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a child stands in the doorway of a makeshift home in Colombia
Colombia

Milagros Chacin: “I couldn't feed my children anymore”

Milagros Chacin and her family are among as many as 4 million refugees who have escaped the economic crisis in Venezuela by fleeing to Colombia. HI has given financial assistance to more than 200 refugee families, including Milagros Chacin’s, to help with basic necessities like buying food and paying rent.

Milagros Chacin left her job as a nurse behind when she, her husband, and their four children fled to Riohacha – a coastal Colombian town about 55 miles from the Venezuelan border – in July 2019.

“I couldn't even manage to feed my children anymore,” she said. "When we arrived in Colombia, we thought everything would be different. We hoped life would be better. We needed money, so we sold our phone, our shoes, even our children's shoes. My husband began scouring the streets for empty bottles to sell for recycling.”

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As if uprooting their lives and fleeing to a new country wasn’t difficult enough, challenges caused by the Covid-19 pandemic have made circumstances even harder for refugee families as resources become scarcer.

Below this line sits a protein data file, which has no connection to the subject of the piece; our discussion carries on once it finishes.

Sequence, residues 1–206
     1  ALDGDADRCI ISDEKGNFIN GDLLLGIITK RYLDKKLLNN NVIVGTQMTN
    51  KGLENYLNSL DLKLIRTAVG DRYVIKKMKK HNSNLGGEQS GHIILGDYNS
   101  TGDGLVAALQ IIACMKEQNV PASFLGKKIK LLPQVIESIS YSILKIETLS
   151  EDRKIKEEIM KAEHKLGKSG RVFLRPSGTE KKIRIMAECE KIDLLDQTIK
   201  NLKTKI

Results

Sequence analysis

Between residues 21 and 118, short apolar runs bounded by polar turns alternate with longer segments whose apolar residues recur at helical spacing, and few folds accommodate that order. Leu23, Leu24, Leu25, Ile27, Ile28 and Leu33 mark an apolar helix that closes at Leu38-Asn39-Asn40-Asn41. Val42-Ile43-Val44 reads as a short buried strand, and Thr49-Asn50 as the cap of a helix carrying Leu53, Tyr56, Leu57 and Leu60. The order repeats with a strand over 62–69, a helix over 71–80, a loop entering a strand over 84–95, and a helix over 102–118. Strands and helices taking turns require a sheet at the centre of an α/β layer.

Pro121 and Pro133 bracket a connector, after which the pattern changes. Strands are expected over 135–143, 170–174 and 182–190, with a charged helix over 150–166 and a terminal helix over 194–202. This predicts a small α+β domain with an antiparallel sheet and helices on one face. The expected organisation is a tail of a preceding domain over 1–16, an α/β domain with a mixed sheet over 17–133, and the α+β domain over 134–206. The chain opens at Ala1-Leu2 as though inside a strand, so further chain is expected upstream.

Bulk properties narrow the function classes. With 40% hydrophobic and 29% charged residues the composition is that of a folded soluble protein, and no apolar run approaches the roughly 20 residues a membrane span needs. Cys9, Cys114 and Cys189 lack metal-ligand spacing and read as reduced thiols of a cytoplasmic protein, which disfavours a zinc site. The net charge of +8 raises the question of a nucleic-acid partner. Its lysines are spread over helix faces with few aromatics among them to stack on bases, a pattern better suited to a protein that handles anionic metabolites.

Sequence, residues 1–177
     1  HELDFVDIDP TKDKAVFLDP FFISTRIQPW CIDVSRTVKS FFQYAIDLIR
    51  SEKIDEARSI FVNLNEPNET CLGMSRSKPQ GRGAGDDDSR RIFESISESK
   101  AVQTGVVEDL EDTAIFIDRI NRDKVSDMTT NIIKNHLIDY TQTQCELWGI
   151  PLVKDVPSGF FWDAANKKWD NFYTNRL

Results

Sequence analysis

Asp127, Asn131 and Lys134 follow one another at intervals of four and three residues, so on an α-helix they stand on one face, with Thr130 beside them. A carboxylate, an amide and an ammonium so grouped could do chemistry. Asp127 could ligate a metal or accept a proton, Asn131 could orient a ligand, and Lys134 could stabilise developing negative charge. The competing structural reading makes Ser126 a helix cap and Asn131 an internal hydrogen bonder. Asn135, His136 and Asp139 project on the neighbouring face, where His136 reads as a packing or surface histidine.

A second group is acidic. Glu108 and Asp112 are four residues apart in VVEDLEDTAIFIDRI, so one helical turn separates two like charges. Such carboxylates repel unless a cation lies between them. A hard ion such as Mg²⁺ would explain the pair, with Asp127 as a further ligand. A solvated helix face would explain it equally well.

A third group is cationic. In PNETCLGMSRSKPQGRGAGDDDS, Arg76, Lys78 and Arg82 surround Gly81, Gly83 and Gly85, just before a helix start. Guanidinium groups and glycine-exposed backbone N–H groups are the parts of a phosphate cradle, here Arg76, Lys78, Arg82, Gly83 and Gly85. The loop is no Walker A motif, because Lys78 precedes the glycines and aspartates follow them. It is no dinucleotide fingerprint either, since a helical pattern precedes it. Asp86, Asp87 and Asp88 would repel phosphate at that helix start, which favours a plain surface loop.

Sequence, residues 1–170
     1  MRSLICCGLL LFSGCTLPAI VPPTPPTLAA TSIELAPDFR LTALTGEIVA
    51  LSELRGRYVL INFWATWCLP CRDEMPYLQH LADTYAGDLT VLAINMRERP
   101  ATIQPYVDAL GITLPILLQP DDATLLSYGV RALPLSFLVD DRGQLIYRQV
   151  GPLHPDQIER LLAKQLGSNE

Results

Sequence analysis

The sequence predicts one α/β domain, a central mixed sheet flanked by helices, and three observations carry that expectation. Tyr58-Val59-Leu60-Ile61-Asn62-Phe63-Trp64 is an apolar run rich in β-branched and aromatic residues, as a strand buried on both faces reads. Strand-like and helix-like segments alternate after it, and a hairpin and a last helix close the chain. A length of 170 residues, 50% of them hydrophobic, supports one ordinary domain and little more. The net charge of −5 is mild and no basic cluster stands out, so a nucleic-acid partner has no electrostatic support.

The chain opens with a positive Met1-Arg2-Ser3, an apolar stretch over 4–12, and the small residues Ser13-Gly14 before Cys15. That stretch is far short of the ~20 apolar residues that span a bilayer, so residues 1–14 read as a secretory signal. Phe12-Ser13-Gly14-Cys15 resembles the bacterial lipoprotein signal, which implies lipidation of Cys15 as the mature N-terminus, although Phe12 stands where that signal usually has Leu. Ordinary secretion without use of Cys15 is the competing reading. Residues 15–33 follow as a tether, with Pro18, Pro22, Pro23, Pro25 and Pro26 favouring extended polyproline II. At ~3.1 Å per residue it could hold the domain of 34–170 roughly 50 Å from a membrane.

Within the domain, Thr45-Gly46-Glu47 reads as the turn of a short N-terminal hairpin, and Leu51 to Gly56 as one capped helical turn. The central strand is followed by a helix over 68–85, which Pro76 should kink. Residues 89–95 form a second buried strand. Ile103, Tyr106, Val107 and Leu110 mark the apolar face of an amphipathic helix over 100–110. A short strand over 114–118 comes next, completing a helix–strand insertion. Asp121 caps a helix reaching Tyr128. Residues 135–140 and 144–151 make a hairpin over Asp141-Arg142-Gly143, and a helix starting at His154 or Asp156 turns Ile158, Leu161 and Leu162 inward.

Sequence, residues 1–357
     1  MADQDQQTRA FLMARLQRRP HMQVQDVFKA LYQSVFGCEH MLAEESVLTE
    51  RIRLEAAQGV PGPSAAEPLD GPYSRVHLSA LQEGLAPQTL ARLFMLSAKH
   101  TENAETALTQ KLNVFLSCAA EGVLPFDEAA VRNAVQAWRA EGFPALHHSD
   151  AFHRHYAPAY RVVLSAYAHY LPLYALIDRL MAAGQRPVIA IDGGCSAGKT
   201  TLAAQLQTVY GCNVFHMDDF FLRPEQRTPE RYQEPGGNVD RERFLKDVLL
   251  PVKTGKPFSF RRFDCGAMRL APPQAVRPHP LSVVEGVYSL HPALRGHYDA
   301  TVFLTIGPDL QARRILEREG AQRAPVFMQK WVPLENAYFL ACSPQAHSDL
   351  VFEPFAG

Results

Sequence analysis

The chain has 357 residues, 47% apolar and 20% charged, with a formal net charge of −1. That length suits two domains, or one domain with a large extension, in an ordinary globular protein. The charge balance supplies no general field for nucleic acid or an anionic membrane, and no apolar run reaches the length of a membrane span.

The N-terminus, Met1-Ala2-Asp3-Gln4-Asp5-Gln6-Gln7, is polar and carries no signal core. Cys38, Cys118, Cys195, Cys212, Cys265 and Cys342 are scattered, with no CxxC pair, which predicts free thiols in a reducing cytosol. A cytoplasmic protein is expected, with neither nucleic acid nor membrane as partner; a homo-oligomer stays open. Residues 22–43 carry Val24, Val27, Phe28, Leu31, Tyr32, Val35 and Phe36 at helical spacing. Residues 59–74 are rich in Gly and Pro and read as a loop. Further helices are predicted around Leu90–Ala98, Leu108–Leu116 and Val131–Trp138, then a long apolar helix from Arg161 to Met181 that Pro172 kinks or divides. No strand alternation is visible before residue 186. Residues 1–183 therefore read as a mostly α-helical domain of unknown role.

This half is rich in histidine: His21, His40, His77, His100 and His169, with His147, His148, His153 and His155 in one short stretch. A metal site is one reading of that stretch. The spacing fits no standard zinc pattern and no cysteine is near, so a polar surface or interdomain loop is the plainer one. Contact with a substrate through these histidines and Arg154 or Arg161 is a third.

“People lost their jobs and homes,” Milagros Chacin said. “The humanitarian canteen, where we used to eat, closed. We only eat once a day now. And we've already changed accommodation several times. It pushes you to the edge of despair.”

HI staff met Milagros Chacin in June and provided the family with financial assistance to help cover their basic needs and psychological support to push through such traumatic experiences. The family is living in a makeshift shelter made from plastic sheets.

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"We used it to buy food and we paid our landlord the three months’ rent we owed him," Milagros Chacin explained. "I also bought mattresses so my children don't have to sleep on the floor anymore. The phone calls really gave us hope. It's so hard, living like this.”

Despite the hardships they’ve faced, Milagros Chacin and her family are hopeful for their future.

“My dream is to be self-sufficient one day, not dependent on anyone else,” she said.We want to start our own small business so we can be free again.”